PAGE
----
Malaria Consortium is hiring a Consultant.
Malaria Consortium is one of the world’s leading non-profit organisations dedicated to the comprehensive control of malaria and other communicable diseases and child health in Africa and Southeast Asia. Malaria Consortium works with communities, government and non-government agencies, academic institutions, and local and international organisations, to ensure good evidence supports delivery of effective services, providing technical support for monitoring and evaluation of programmes and activities for evidence-based decision-making and strategic planning. The organisation works to improve not only the health of the individual, but also the capacity of national health systems, which helps relieve poverty and support improved economic prosperity.
Malaria Consortium secured funds from Bill & Melinda Gates Foundation (BMGF) at the end of June 2019, to support the National Malaria Control Programme (NMCP) to strengthen the malaria surveillance system that is capable of guiding strategic and operational decision-making based on accurate, granular and timely surveillance data across all transmission strata in Mozambique.
In order to ensure data is at the centre of decision making and surveillance is set as a key intervention to guide malaria control and elimination activities, the National Malaria Control Program (NMCP) has prioritized data driven decision making in the 2017-2022 National Malaria Control Strategic Plan (NSP). The NMCP’s goal focuses on strengthening the surveillance system to ensure all health facilities (HFs) report quality data that inform decision making. To achieve this, a fundamental transformation is required so that high quality data is not only generated but also effectively used and leads to adequate action across all service provider levels. To this end, together with partners, CHAI, CISM and Goodbye Malaria, the investment will focus on strengthening data quality (DQ), as well as establishing and institutionalizing a data use (DU) and data-to-action (D2A) culture across all service provider levels. This investment will also establish an iMISS that will improve quality of data, facilitate better management of malaria-related data and will ensure that the bottlenecks and challenges identified in the 2018 country-wide malaria surveillance assessment are adequately addressed.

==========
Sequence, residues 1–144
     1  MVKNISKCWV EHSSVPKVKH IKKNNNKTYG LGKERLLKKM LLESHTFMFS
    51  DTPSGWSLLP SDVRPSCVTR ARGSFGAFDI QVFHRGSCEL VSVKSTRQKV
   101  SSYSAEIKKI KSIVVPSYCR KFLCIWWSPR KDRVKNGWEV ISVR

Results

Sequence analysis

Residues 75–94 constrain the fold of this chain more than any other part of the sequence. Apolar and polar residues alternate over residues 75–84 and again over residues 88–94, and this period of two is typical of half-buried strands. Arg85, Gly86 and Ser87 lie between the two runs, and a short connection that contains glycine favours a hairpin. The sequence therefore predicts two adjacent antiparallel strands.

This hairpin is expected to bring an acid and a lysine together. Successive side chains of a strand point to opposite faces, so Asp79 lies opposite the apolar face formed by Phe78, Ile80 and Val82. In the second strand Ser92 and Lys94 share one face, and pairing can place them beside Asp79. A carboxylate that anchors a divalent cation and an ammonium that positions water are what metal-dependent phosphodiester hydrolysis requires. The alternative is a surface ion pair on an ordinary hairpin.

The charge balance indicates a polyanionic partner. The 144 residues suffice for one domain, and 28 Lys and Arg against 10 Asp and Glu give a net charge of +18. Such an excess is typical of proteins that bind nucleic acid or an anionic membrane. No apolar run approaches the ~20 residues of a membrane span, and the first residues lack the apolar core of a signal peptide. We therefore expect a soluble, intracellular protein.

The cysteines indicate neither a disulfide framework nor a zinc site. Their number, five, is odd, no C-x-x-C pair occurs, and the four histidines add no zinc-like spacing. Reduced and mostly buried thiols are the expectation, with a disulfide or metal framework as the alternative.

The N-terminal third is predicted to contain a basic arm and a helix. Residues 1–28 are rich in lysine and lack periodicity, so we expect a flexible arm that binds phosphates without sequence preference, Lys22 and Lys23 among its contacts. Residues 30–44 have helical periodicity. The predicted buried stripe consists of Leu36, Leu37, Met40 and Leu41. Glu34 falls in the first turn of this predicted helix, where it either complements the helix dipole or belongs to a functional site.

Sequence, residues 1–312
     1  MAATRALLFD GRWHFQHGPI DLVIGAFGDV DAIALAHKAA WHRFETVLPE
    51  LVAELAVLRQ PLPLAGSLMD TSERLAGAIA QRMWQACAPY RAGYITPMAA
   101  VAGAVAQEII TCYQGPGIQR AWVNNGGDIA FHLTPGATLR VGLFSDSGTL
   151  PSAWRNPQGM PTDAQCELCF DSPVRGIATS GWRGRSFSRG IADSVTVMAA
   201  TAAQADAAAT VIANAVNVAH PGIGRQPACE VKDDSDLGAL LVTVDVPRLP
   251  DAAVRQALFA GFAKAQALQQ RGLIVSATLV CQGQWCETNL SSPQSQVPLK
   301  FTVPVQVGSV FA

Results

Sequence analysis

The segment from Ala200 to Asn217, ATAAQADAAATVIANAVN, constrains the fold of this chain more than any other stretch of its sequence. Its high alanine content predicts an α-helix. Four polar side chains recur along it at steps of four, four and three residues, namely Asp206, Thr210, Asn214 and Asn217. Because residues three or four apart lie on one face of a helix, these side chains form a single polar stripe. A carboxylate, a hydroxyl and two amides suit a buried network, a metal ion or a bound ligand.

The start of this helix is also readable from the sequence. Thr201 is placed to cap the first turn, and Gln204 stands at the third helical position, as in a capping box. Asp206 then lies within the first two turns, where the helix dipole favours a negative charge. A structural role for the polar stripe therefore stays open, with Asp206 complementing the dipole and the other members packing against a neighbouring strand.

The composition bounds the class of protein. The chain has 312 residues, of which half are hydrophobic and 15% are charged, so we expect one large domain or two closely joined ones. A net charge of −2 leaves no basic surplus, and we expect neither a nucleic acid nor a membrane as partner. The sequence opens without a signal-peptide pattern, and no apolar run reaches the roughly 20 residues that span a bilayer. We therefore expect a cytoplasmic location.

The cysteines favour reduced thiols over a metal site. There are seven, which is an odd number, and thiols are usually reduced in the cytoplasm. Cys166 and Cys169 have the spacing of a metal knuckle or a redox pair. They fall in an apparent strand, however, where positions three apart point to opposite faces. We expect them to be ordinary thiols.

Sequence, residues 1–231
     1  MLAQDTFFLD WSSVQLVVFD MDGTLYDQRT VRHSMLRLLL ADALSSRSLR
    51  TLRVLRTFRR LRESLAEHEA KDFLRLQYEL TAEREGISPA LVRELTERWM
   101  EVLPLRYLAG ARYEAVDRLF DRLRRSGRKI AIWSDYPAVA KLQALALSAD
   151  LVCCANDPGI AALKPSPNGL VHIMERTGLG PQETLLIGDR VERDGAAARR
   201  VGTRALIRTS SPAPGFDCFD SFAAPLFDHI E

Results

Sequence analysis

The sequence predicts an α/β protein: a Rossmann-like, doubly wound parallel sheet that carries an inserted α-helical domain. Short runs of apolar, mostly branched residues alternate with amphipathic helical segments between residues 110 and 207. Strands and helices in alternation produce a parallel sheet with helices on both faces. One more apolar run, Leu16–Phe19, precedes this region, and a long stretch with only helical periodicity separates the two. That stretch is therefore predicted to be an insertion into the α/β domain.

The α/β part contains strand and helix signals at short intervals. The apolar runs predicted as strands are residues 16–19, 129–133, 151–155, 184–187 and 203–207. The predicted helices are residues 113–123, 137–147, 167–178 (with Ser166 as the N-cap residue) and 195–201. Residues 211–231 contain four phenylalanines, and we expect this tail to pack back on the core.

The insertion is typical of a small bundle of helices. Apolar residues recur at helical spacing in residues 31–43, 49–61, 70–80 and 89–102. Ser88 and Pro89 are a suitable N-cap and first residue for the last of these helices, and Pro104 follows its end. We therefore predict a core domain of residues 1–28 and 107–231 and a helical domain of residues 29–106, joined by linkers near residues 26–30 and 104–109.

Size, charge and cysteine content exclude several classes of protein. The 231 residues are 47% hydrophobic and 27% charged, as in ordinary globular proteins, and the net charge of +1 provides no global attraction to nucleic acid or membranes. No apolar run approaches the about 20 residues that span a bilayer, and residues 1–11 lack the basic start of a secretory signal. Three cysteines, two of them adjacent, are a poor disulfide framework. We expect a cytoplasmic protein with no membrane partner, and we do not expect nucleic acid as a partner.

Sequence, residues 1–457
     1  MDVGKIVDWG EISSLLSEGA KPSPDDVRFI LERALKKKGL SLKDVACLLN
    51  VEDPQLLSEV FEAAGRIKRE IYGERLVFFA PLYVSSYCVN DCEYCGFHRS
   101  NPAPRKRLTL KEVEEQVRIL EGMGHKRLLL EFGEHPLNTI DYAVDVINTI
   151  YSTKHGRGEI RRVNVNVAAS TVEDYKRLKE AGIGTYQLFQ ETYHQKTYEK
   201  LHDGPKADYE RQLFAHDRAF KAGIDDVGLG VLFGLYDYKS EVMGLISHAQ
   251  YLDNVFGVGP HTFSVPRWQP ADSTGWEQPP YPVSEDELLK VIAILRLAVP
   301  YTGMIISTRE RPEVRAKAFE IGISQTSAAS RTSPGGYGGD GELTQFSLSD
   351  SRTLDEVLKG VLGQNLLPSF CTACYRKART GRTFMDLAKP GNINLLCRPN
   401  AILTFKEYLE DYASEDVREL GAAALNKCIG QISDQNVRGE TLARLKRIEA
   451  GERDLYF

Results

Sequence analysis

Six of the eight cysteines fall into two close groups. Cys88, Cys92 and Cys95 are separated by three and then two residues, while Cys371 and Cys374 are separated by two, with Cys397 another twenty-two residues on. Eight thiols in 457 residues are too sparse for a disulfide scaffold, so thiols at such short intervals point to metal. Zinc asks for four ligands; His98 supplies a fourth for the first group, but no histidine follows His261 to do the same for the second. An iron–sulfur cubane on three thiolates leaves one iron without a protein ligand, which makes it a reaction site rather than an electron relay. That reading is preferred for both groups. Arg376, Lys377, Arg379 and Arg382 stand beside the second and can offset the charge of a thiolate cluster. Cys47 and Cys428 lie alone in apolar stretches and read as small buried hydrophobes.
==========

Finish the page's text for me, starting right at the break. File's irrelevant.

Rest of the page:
Malaria transmission is heterogeneous in Mozambique, both across different Provinces and within a Province, although generally, transmission is higher in the north and lowest in the most southern Province that borders South Africa and Swaziland. Different interventions are required depending on whether the target is to achieve malaria control or elimination across the different transmission strata and surveillance data collected and used will also need to reflect these differences. Development of a strong surveillance system requires a multi-pronged approach to strengthen the existing passive surveillance system, as well as reorientation of program activities in areas of very low transmission to incorporate active surveillance in areas moving towards elimination. This system will then be able to provide the necessary intelligence to identify bottlenecks in malaria control and elimination, drive more efficiently targeted interventions, and respond where the impact of program activities is jeopardized.
Within the project, three surveillance packages were created to guide optimal operationalisation of surveillance activities and embed them into day-to-day data reporting, DU, and D2A activities across all transmission strata. The three packages consist of a standard package, a standard plus package, and an intensive package that are described below: